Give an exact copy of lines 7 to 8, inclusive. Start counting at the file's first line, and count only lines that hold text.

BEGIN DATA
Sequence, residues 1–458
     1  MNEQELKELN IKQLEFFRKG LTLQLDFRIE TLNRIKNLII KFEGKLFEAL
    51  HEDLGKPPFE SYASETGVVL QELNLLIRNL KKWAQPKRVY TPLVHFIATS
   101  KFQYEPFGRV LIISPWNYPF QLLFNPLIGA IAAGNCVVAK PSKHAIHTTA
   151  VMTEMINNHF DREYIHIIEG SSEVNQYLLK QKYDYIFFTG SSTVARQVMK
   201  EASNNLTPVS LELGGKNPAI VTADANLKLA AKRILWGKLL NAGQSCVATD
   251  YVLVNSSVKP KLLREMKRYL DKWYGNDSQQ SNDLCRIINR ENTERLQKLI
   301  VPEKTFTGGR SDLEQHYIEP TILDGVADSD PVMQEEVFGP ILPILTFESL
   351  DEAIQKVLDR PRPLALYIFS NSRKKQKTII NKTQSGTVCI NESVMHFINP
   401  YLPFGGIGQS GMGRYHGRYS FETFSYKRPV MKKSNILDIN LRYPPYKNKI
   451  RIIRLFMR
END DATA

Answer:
   251  YVLVNSSVKP KLLREMKRYL DKWYGNDSQQ SNDLCRIINR ENTERLQKLI
   301  VPEKTFTGGR SDLEQHYIEP TILDGVADSD PVMQEEVFGP ILPILTFESL